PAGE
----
High school students explore the world of chemistry at VU

High school students explore the world of chemistry at VU

Two female students from Rivet High School make an antibiotic in a chemistry lab at Updike Hall.

May 15, 2023

VINCENNES, Ind. - Groups of students grabbed bags of their favorite foods like Fritos, Doritos, Cheetos, BBQ potato chips, and Cheez-Its, then lit the snacks on fire. It was all part of an experiment they were conducting during Chemistry High School Lab Days hosted by the Vincennes University Chemistry Department. By burning snack foods, they were determining the energy given off.

Students from high schools in Indiana and Illinois learned about future science careers plus participated in experiments to build their interest in chemistry during Chemistry High School Lab Days on May 8-12.

Students burning a Dorito in a VU Chemistry Lab 

Chemistry lab days have been an annual event at VU for more than 20 years. High school students have access to cutting-edge technology and facilities. 

“Chemistry High School Lab Days offers an immersive experience for students to explore their passions and interests through college-level chemistry experiments that happen every day,” Chemistry Department Chair and Professor Elizabeth Lowe said. “This event serves as a unique opportunity for hundreds of high school students to engage in hands-on learning and exploration across a variety of chemistry subdisciplines.”

Students engaged in multiple chemistry-focused experiments in labs at Updike Hall - College of Science, Engineering, and Mathematics.

They made an antibiotic named sulfanilamide by organic reactions to prepare the antibiotic that was then put into an agar plate and inoculated with e. coli to see the effect on the growth of the bacteria.

Students conducting iodine clock reaction

In another lab, the students conducted an experiment that was almost like a magic trick. During an iodine clock reaction experiment, they mixed many household chemicals to see how the changing amounts affect the rate of reaction. The end of the reaction is when the colorless solution turns a deep purple color.

Washington Catholic High School junior Addie Talbert was delighted to see science taking place right in front of her.

“I’m so impressed with how new and up-to-date everything is here,” Talbert said. “Making the sulfanilamide was very complicated and very daring, but we did all right because the VU student helped us through it. My favorite part was seeing the crystals form out of just a liquid. It was really fun to apply the science like that.”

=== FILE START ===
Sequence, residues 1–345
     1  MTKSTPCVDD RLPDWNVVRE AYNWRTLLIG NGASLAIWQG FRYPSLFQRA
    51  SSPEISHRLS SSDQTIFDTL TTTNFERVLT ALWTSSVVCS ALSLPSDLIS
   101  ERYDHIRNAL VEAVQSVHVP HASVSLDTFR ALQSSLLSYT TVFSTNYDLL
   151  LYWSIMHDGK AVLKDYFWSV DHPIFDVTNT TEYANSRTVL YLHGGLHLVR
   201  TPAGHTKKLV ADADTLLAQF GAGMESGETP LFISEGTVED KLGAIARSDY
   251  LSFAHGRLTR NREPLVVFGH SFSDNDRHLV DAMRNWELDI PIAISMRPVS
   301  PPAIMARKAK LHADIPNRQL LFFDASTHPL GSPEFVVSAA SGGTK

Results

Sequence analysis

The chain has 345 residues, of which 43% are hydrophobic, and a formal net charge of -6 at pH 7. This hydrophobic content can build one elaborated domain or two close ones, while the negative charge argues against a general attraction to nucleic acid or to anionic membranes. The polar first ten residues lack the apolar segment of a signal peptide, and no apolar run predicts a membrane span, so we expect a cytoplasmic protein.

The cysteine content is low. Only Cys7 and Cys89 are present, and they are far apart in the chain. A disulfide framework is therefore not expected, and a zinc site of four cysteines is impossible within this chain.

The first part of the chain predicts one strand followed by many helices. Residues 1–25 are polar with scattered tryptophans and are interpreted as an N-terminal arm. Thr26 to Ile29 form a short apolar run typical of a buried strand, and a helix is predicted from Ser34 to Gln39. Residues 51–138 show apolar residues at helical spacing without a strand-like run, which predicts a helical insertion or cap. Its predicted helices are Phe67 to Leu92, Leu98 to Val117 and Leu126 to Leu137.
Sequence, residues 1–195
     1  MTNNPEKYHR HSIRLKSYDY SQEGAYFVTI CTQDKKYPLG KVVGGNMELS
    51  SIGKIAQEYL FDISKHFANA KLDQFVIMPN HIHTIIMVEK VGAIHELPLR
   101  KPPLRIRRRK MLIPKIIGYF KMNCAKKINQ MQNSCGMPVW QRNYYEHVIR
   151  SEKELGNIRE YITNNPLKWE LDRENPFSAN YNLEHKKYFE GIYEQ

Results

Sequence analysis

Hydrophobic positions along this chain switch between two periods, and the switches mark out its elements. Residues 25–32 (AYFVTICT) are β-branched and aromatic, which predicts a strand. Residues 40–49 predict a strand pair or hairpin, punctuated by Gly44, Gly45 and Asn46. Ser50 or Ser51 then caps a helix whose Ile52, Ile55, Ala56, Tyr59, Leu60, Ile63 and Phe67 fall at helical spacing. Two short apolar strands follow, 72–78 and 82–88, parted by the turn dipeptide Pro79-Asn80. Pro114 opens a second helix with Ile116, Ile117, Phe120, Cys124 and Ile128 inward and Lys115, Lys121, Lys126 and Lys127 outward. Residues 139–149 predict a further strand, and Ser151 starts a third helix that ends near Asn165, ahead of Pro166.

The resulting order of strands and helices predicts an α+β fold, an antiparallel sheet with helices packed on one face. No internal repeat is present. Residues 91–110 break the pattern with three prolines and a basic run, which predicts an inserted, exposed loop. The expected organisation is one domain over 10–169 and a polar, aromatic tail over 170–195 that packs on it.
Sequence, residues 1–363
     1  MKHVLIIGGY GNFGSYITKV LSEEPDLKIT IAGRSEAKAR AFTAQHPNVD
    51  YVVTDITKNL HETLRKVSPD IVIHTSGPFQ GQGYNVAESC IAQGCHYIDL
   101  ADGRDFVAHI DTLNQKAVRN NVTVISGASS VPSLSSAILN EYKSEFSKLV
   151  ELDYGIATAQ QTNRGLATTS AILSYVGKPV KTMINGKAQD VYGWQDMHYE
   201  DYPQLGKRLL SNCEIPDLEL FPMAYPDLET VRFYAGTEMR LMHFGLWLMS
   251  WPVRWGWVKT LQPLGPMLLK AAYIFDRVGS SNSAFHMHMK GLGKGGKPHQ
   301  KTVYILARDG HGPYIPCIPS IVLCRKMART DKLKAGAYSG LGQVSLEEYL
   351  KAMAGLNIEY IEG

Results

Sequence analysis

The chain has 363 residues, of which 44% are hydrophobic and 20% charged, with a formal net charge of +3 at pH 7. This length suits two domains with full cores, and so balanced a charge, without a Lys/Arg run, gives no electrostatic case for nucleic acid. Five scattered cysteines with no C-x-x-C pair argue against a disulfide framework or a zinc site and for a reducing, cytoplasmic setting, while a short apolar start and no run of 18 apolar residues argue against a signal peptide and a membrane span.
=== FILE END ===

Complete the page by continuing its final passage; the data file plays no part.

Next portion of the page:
Laura Litwiler, a math and science teacher at Washington Catholic High School, said her students liked the challenge of conducting experiments in state-of-the-art college labs, and they talked about the experience for days after. 

“The Chemistry High School Lab Days give a great opportunity for the students to experience labs at a much deeper level,” Litwiler said. “A lot of times in high school labs, there is not enough time or resources to do in-depth labs and experiments. This gives an opportunity for the students to dive deeper into the experiments. I also love that it shows our students the many different applications of chemistry in the world.”

Students making silly putty in a VU Physics Lab

The students had a lot of fun participating in a variety of activities. They learned about polymers through a balloon experiment where they were taught how to thread a large needle through it without popping it. They discovered the chemistry of silly putty by making it themselves. Students also learned the chemistry behind making clear glass bottles look as if they are silver.

“It is so cool to have these experiences in a cool lab when you come from a small town community,” Flora (Illinois) High School junior Sam Mosbarger said. “Coming to a bigger facility at a university is something cool to experience.”

Flora (Illinois) High School junior Madyson Slover was in her absolute element since she has aspirations of becoming a research chemist or pursuing a career in chemical engineering.

“I enjoyed the experiments and being with a group that actually cares about chemistry,” Slover said. “It’s fun to see people who are willing to habilitate the excitement that people have for chemistry.”

In addition to putting on their goggles and becoming chemists for the day, students gained insight into the college experience. They interacted with current VU students and were introduced to the many opportunities available at VU.

“We believe Chemistry High School Lab Days have a lasting impact on students, helping them to make informed decisions about their future academic and professional pursuits,” Lowe said.

To learn more about VU’s Chemistry majors, explore HERE

See a Photo Gallery of Chemistry High School Lab Days

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